The California 3rd District Court of Appeals ruled 3-0 that a 2017 state law requiring employees at long-term care facilities to use patients' "preferred" pronouns violates First Amendment free speech rights.
Taking Offense, an unincorporated association, filed the lawsuit challenging part of California's Health and Safety Code that requires health facility employees to deny a person's biological sex and acknowledge a "chosen" gender or pronoun of a patient. Employees who refused to do so would have faced criminal charges for "misgendering" a resident. Violations could be prosecuted as misdemeanors, and violators could face 180 days in jail and a $2,500 fine.
In 2017, the California legislature passed SB 219, which added the "Lesbian, Gay, Bisexual and Transgender (LGBT) Long-Term Care Facility Residents' Bill of Rights" to its Health and Safety Code. A key stipulation of the bill prohibited "staff members of long-term care facilities from willfully and repeatedly referring to a facility resident by other than the resident's preferred name or pronoun when clearly informed of the name and pronoun."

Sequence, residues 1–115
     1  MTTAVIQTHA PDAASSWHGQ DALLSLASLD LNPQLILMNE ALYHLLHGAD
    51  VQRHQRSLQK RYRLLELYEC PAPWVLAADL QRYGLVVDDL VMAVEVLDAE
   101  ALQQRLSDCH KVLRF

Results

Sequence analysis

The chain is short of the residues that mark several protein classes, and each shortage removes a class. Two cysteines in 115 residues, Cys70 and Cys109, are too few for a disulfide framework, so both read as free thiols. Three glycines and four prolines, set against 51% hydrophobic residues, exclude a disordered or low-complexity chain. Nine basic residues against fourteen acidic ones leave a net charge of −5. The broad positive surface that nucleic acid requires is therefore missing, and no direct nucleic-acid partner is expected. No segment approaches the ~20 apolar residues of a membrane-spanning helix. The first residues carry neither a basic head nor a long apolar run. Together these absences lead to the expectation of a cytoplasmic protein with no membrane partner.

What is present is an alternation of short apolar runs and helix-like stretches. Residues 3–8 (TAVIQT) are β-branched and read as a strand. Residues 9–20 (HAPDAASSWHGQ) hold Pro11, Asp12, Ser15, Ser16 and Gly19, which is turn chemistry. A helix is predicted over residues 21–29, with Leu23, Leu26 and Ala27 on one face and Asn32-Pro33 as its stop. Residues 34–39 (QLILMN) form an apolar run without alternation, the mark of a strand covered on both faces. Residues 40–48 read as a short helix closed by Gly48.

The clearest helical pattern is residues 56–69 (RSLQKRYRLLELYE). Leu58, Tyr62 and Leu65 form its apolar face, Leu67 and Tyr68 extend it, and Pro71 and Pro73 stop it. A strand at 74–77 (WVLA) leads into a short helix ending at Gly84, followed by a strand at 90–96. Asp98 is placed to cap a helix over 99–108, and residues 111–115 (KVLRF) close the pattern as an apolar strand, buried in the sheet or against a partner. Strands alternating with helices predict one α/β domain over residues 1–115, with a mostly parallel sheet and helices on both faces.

In Taking Offense v. California, the California Court of Appeals rejected the pronoun provision, saying it "restricts more speech than is necessary" and "the First Amendment against state action includes both the right to speak freely and the right to refrain from speaking at all."
Judge Elena J. Duarte wrote the opinion and stated, "The free speech clause protects a wide variety of speech a listener may find offensive, including insulting speech based on race, national origin or religious beliefs."
Justice Ronald Robie concurred that the state legislature "chose a prophylactic remedy to eliminate misuse of pronouns that just went too far."
The court also wrote, "We conclude the pronoun provision—whether enforced through criminal or civil penalties—is overinclusive in that it restricts more speech than is necessary to achieve the government's compelling interest in eliminating discrimination, including harassment, on the basis of sex. Rather than prohibiting conduct and speech amounting to actionable harassment or discrimination as those terms are legally defined, the law criminalizes even occasional, isolated, off-hand instances of willful misgendering—provided there has been at least one prior instance—without requiring that such occasional instances of misgendering amount to harassing or discriminatory conduct."
Liberty Counsel founder and Chairman Mat Staver said, "No person should ever be forced to speak a message prescribed by the government, especially when the purpose is to support an ideology that conflicts with reality. The First Amendment guarantees the right to speak and the right not to speak."
This article originally appeared at lc.org.
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